Attired in the rough garb of a labourer, Detective Inspector First Class Frederick Abberline slipped quietly from Commercial Street Police Station into the night. A pony and trap rattled past him up the street. As the clump of hooves and the rumble of iron rimmed wheels receded, he heard footsteps on the pavement close behind him. Abberline turned to see a familiar figure hurrying after him. The man was dressed, like Abberline, in inconspicuously shabby clothes, and his pale face was flushed by the exertion of running.
"Walter!" snapped Abberline; "what are you doing here? You promised to stay with Emma and keep her safe! I can't do this job unless I know that Emma is safe!"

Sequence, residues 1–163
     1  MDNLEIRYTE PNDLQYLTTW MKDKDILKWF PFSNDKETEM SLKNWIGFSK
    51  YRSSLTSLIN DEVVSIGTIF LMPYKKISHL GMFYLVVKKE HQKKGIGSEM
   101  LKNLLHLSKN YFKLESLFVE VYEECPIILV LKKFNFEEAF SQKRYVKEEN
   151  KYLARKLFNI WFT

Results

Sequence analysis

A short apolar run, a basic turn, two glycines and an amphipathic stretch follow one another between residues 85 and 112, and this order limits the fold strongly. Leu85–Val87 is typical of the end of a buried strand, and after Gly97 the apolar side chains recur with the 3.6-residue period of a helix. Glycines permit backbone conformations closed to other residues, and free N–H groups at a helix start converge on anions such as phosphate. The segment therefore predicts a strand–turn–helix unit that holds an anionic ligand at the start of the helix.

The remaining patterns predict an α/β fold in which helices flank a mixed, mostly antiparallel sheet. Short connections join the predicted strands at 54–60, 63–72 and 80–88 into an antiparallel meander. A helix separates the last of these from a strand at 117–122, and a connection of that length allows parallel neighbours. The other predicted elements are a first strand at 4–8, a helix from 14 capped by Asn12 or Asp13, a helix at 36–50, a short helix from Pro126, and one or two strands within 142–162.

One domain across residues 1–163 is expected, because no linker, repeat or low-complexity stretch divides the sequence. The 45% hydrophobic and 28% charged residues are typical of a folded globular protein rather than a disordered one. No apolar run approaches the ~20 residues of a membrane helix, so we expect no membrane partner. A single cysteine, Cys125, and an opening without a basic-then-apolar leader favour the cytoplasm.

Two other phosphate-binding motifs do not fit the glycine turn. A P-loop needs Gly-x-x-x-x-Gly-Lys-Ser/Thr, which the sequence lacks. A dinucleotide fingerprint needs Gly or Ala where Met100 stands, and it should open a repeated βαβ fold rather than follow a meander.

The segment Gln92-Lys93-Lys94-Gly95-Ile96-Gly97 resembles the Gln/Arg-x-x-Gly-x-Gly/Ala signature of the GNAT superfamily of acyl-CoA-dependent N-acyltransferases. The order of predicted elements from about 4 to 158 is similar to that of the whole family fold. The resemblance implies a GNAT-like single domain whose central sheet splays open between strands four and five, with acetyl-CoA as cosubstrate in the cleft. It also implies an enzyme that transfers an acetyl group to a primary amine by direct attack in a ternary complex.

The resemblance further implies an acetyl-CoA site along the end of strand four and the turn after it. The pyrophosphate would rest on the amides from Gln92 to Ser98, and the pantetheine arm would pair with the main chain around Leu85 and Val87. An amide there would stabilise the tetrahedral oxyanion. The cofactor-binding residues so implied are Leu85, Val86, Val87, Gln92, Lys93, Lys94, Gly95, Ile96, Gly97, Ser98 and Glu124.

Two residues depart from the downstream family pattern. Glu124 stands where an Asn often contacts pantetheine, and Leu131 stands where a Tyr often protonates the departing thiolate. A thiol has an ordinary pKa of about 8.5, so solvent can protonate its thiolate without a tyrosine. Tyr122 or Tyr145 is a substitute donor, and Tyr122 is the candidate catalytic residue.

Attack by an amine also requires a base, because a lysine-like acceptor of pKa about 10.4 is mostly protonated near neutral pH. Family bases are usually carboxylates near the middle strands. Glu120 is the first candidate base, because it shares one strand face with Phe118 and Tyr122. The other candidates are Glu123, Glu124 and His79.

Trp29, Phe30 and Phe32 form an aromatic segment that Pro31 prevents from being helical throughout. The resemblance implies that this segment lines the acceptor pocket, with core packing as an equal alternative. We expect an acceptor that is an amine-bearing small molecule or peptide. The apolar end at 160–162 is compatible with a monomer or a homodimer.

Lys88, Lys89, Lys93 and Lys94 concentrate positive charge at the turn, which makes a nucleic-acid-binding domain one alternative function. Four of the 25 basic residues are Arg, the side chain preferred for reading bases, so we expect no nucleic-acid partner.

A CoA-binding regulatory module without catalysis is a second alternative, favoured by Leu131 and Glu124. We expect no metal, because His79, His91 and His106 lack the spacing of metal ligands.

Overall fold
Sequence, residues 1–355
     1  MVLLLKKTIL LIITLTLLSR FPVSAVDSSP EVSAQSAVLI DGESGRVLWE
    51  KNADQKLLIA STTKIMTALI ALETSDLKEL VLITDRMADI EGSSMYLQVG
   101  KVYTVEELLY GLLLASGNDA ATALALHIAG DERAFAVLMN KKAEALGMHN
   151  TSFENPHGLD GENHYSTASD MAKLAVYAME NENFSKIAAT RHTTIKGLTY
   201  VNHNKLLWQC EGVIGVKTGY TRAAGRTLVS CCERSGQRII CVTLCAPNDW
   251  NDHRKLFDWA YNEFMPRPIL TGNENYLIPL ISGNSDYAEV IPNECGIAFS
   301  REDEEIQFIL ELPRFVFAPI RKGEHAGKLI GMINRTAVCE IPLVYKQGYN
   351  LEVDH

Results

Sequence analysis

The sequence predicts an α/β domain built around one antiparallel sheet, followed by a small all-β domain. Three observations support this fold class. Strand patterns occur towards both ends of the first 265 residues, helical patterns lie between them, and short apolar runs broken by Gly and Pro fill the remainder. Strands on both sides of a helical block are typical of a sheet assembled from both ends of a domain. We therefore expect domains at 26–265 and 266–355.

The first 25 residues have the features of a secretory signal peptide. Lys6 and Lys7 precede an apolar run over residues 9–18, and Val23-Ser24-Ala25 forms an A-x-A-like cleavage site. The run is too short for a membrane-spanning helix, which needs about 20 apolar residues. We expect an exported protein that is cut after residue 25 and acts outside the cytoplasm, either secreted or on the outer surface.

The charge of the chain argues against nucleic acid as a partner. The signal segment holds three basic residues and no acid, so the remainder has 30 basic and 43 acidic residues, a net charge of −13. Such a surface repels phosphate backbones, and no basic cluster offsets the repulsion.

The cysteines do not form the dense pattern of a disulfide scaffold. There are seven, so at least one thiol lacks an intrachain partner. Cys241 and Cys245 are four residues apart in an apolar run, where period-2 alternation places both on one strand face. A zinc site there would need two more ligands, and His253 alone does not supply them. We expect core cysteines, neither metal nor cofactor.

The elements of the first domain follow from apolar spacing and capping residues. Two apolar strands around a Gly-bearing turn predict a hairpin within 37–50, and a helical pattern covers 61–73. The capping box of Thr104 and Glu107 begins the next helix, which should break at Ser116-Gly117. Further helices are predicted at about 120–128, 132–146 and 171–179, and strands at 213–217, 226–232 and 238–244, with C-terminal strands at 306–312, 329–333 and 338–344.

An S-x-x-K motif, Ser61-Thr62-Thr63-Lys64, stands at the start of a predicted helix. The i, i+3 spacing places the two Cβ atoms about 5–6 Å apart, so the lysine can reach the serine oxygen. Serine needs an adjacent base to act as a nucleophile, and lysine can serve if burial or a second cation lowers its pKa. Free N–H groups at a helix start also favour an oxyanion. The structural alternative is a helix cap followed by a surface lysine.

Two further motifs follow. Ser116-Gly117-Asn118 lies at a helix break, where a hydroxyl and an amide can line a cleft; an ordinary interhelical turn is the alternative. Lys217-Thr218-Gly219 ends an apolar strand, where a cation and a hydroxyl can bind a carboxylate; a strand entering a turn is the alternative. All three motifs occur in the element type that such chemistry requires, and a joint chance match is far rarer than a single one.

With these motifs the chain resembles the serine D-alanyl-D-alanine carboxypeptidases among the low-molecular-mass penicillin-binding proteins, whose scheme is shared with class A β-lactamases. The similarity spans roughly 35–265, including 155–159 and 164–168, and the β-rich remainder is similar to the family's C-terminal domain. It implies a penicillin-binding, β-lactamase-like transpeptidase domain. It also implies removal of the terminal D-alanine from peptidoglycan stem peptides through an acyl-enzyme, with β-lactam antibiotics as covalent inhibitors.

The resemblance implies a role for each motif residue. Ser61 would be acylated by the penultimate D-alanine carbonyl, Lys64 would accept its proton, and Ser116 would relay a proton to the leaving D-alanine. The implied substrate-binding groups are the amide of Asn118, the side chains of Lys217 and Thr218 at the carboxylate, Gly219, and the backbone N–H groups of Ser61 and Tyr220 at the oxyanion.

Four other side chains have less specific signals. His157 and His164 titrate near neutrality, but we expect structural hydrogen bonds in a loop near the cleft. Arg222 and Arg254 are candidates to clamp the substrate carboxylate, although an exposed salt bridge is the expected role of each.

"It's not Emma who's in danger, Fred," said Walter Beament. "It's you!"
"Are you mad?"
"Listen to me, Fred. You've got a team of top Scotland Yard detectives, and extra beat officers on the streets. But every time the Ripper strikes, he slips through your fingers! How is that possible?"
"It's impossible to police every square foot of Whitechapel. The place is a maze of alleyways and courts."
"The truth is that the Ripper is protected. Protected by men at the very highest level - even in Scotland Yard itself! The very men from whom you take your orders! Why do they insist that you send a full report to Scotland Yard every day? It doesn't help you to catch the Ripper, but it ensures that they know every detail of your investigation. At the first hint that you're close to catching the Ripper, they'll take you off the case, using lack of progress as a pretext. Any hint that you've discovered the Ripper's true identity, and you'll have signed your own death warrant!"